5 Ways to Help Your Student Set Goals for the New Year

Share on facebook
Share on twitter
Share on linkedin
Share on email

With the new year right around the corner, many students have the opportunity for a fresh start. This time of the year presents a great opportunity to start anew, wipe the slate clean, and make positive changes that can influence success both inside and outside of the classroom. The new year also creates the opportunity for students to reflect on their past success and failures and set new targets for their academic approach.

While the new year often ignites a studious flame in most students, persistence and consistency can be difficult to attain. Students often start the year with a new vision and new habits, but after the first two weeks of school, they return to their old habits. Does this sound familiar? The underlying cause for this short-lived transformation is the absence of a plan. Without a real plan for how to attain academic success, bolstered by clear targets and SMART goals, a student’s admirable desire for success falls by the wayside. So, the question remains how can parents and educators help students develop goals for sustainable success this school year?

Below, are five powerful principles to guide your student’s goal setting this year. At the end of the day, goals are only as successful as the systems that keep them in place. Powerful systems create productive results. Yes, there are challenges to setting and achieving goals. However, the five ideas below are a great way to guide your student toward a productive, proactive new year.

5 Principles of Goal Setting

1) Start with WHY: Without a strong ‘why’, the ‘how’ is useless. Students need to buy in to these goals in order to success, meaning goal setting must be a conversation, not a lecture. Take time to discuss some of the challenges your student will face as we enter this new year. Strong goals come from a strong desire for self-improvement. This is why reflection is so important. Students need to reflect on what goals truly matter for the upcoming year. Remember, to see results, your child’s goal needs to stem from a desire to improve something about their life. Listen and ask questions. Your goal is not necessarily your student’s goal. Guide the conversation, but make sure your student takes ownership of whatever goals are created.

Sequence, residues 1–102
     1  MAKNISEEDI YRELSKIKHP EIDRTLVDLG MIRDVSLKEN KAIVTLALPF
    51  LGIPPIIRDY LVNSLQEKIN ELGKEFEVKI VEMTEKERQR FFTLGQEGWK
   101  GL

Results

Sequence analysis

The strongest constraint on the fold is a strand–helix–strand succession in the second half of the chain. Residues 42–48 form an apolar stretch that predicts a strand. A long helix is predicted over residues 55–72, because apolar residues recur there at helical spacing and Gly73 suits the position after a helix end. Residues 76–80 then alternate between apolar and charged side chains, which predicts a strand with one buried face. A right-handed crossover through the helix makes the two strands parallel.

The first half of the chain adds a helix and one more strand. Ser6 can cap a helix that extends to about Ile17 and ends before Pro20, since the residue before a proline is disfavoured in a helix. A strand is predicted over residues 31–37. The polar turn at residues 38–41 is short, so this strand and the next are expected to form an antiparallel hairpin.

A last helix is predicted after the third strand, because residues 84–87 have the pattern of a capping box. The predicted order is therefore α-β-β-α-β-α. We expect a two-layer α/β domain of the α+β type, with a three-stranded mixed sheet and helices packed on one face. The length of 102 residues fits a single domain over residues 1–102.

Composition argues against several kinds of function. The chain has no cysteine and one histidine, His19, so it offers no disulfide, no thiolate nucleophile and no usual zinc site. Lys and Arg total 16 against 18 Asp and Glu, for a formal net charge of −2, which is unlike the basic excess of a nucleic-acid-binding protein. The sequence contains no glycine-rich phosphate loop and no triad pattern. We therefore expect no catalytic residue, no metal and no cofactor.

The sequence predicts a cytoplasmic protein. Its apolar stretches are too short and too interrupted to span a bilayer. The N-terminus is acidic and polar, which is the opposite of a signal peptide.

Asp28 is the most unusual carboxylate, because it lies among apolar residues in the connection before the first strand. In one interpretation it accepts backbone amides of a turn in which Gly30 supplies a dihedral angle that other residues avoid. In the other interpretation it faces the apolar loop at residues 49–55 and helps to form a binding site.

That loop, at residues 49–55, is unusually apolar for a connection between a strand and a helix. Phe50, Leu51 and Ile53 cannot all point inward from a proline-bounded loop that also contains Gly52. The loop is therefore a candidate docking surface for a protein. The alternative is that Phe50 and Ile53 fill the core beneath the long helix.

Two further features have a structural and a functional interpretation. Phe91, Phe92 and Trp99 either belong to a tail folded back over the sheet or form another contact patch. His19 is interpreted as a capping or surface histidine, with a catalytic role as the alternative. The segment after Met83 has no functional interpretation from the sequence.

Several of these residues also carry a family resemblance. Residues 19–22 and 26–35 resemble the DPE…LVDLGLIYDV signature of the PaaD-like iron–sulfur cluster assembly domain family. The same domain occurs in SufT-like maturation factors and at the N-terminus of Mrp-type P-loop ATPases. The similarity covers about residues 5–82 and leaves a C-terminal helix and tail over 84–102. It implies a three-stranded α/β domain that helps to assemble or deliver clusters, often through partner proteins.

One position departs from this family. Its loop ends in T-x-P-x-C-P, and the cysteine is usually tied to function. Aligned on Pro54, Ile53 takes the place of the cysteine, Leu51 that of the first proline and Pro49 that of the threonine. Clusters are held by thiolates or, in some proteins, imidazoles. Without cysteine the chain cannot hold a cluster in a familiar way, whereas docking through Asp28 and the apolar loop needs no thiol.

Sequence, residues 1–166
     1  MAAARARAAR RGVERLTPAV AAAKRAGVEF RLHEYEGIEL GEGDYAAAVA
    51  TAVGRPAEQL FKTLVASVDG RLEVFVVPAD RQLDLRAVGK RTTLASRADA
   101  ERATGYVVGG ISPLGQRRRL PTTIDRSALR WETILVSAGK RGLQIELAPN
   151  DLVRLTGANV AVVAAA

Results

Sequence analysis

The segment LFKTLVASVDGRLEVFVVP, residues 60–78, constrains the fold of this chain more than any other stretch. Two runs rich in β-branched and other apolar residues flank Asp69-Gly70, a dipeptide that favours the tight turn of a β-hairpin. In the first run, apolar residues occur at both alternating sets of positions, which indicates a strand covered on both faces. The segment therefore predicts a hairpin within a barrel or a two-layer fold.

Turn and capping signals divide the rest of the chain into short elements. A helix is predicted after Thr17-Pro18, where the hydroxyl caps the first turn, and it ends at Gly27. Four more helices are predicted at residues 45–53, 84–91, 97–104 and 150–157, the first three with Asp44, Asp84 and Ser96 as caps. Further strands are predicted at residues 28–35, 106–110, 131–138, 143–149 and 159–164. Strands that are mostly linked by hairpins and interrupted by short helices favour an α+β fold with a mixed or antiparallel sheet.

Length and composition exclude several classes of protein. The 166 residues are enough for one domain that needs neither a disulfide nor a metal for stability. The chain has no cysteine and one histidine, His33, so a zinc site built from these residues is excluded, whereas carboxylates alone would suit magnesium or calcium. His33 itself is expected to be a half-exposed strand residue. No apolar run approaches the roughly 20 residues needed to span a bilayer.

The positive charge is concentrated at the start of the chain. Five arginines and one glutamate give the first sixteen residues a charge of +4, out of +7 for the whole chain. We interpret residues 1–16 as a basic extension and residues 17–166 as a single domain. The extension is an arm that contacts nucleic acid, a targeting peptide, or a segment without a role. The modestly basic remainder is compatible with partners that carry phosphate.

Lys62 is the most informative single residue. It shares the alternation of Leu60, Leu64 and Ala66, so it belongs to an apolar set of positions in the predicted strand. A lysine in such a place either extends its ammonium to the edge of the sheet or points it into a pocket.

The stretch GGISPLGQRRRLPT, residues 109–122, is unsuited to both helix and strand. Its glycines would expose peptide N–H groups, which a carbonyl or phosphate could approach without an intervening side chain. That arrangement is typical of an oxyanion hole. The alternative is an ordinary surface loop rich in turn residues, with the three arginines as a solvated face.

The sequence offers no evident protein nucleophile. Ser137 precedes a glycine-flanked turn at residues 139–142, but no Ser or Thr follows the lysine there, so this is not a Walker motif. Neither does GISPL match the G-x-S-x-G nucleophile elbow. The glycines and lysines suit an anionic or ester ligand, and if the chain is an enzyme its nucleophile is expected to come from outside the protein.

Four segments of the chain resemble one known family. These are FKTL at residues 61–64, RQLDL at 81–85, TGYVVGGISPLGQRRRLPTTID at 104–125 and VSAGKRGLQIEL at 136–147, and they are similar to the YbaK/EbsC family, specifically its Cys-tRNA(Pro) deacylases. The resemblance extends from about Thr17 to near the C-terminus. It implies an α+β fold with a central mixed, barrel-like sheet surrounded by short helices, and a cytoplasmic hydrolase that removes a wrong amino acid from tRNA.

2) Simplicity is the Key: The best goal is the one that gets accomplished, not the most extravagant. When setting goals with your student, simplicity is essential. Try to focus on one goal area at a time. Yes, students have multi-faceted jobs. Your student might want to improve their grades, their social life, and their athletic performance in one foul swoop. Help him or her contain this excitement and turn it into sustainable growth. Try to narrow down your student’s goals to the three or four changes that will have the most impact. What change would have the most impact?

  • Better organization?
  • Better time management?
  • Frequently visiting teachers in tutorials?
  • More effective note taking that actually helps when studying?
  • Improving sleep quality?
  • Creating a stress management plan?

3) Create SMART Goals: SMART goals are specific, measurable, achievable, realistic and time bound. This goal framework creates a pathway or a system for success. We use this in our one-on-one sessions, in our group classes, and even in our company strategy meetings. SMART goals are strong contracts to help your student stay on track. Here are a few examples:

  • SMART GOAL: I will stay organized by filing papers I the correct section of my binder as soon as I receive them. On Sunday night, I will make sure that there are no loose papers in my backpack, room, or car.
    • SMART GOAL: I will write something for each class every day in my binder. “NONE is an option, but only after I have confirmed that there is absolutely nothing I could do to get ahead in this class.
    • SMART GOAL: During class times, I will have only a notebook and a pen on my desk, so the teacher can see that I am on task and care about my success in his or her course.

4) Track your progress: SMART goals are measurable, meaning students can track their goals to turn them into habits. There is plenty of science out there that points to the importance of habit tracking. Encourage your student to track goals daily and build a streak. A simple checklist will do the trick.

5) Celebrate your accomplishments: Each week as you and your student reflect on his or her progress, be proud of the small wins. Celebrate these moments because when habits are rewarded, they are continued. Create some kind of weekly ritual with your student to analyze progress and celebrate success. Recognition goes a long way.

Goals are the bedrock of success. Without a plan, it can be difficult for students to stay motivated. Use the principles above to help your student crush the new year. If you want someone in your corner to help your students set goals, develop better habits, and unless their potential, why not start one-one-one academic coaching? Visit our services page for more information.

Chris Chambers

Leave a Comment

Your email address will not be published. Required fields are marked *

About SAOTG

Staying Ahead of the Game offers unique academic coaching & tutoring services to help good students achieve greatness.

Follow Us